None of the 27students visiting areas that were not perceived to have a high prevalence of HIV infection took zidovudine with them, and relatively few took a medi-kit (8; 30%) or latex gloves (4; 15%); 19(70%) found good standards of infection control for bloodborne viruses and 19(70%) thought that they were well supervised (table 1). Only 13of the 38students (34%) who knew that the areas they were visiting had a relatively high prevalence of HIV infection took zidovudine, 24(63%) took a medi-kit and 20(53%) gloves; only 20(53%) found good standards of infection control for bloodborne viruses but 27(71%) thought that they were well supervised.
Three of the four students with percutaneous or mucosal exposures to blood or other body fluids while on elective were in areas of relatively high HIV endemicity. Only one reported the incident (table 2) It is unclear from the questionnaire whether the student visiting South Africa received an exposure from an HIV positive patient and if the course of zidovudine was completed. Forty four of the 148respondents (30%) had received at least one such exposure during the rest of their clinical training and 33(75%) had not reported these.
Perceptions of risks from HIV on elective
Although the students and the clinical advisers had been provided with literature indicating areas that had a relatively high prevalence of HIV infection, almost a fifth of respondents (27/148) visited countries with a high prevalence without being aware of this; all but two students had discussed their elective with their clinical adviser or the occupational health department. All 27visited areas other than sub-Saharan Africa. It is insufficiently appreciated not only by students but also by some of those advising them that there has been a substantial rise in the prevalence of HIV infection in parts of South East Asia and the Indian subcontinent, South and Central America, and the Caribbean. About 25% of people with HIV infection live in these areas, and India is the country with the highest number of people infected with HIV.5 Data on the worldwide prevalence of HIV is now more widely available. 9 12–14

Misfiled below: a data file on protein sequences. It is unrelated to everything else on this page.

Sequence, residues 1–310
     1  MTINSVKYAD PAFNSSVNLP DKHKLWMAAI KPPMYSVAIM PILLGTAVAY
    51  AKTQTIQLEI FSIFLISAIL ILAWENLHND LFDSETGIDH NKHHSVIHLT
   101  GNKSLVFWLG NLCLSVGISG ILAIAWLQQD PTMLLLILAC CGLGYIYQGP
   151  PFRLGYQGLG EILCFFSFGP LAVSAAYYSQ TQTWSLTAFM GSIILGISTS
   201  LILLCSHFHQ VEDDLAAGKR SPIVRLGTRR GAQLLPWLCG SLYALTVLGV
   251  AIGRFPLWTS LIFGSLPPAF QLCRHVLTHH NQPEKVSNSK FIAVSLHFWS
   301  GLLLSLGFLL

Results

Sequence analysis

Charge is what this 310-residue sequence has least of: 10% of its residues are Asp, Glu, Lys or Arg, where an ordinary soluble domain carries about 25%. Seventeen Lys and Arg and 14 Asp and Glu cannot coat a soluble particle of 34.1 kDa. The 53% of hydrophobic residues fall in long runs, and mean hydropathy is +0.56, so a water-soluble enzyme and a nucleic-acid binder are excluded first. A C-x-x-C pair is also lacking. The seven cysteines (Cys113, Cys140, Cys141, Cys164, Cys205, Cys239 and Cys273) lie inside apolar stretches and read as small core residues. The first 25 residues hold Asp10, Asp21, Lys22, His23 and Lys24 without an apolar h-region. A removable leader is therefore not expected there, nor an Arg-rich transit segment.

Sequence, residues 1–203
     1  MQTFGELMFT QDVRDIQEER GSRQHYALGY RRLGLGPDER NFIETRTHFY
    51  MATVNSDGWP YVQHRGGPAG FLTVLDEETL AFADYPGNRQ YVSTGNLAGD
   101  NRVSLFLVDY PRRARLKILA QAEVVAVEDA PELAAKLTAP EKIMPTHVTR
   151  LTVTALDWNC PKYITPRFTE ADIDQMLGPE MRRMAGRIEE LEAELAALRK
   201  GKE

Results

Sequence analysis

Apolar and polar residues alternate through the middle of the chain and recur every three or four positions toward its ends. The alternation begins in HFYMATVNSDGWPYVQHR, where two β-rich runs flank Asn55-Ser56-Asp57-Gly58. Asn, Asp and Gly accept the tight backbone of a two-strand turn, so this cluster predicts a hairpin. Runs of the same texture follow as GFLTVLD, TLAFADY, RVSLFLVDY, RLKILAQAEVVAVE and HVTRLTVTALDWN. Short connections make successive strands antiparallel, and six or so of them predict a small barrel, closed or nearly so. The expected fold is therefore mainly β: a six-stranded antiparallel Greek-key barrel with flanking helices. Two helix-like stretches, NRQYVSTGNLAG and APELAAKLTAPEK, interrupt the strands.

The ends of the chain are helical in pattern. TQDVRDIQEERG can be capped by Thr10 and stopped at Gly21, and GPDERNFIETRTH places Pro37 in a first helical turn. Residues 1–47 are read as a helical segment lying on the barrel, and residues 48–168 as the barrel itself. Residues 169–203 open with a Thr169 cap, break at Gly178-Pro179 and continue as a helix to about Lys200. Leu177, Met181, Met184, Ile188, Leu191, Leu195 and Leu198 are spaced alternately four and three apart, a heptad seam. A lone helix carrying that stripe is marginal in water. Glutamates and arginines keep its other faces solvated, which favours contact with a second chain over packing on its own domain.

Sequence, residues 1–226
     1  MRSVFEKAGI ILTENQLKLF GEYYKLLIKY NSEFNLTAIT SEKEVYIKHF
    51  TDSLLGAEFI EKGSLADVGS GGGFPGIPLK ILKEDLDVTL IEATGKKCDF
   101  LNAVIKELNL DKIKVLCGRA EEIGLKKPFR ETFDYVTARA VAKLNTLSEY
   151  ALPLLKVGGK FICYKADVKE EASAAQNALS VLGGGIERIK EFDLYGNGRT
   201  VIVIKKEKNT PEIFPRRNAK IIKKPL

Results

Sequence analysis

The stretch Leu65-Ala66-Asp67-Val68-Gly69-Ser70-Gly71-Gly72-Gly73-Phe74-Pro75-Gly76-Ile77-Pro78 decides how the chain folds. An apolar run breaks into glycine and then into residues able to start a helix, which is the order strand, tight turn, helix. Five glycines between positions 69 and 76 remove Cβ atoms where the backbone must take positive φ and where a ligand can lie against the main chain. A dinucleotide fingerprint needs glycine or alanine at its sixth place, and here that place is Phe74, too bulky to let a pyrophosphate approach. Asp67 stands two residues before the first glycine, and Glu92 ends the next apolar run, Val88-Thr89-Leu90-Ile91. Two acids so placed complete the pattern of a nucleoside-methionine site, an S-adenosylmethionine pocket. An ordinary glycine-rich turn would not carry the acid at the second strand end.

Risks from and protection against bloodborne viruses
Students voluntarily contributed details about conditions they faced on elective. Infection control procedures were sometimes poor, boxes for depositing “sharps” being unavailable or, when present, overflowing. One student described how there was sometimes no water in an African hospital and elective operations had to be performed without scrubbing. One student who visited India said that needles were frequently left lying around.
Zidovudine was purchased by only a small proportion (34%) of students visiting areas which theyknew to have a high prevalence of HIV. This may relate to cost: two students voluntarily stated that they felt that the expense (about £40) was too high. To encourage compliance, medical schools should consider bearing the cost.
Unlike some medical schools, ours allows medical students to go on electives in countries in which HIV and other bloodborne viruses are endemic. Although they were officially restricted from obstetric practice, two students, or those advising them, seemed to be unaware of this advice, or disregarded it. For example, one student carried out an obstetrics and gynaecology attachment in Zimbabwe—yet the prevalence of HIV in pregnant women in Harare has recently been reported to be 32%.13
Training in phlebotomy and infection control
A high proportion of students felt that their training in phlebotomy and infection control in the earlier part of their clinical course had been adequate. This is of importance since there is a relatively high prevalence of bloodborne viruses in inner city areas in Britain, particularly London. This view, however, was not borne out by our findings. Previous surveys of medical students have confirmed that, from the beginning of their clinical training, they are at risk of infection with bloodborne viruses.15 About a third of respondents in our survey admitted to at least one percutaneous or mucosal exposure to potentially infectious body fluids, four while on their elective. It is of concern that three quarters of students had not reported their exposures and consequently did not have the benefit of treatment or follow up.
Our survey emphasises the need for firmer measures to ensure that students have the best possible protection. All medical schools should produce and regularly update guidelines regarding protection from bloodborne viruses during clinical studies, including electives; education and training in infection control should start at the earliest opportunity.
Contributors: CG helped design the questionnaire and analyse data; AT instigated and supervised the study; JB helped CG and AT write the paper and has overall responsibility for UMDS recommendations on bloodborne virus infections. JR is guarantor of this paper.
Competing interests: None declared.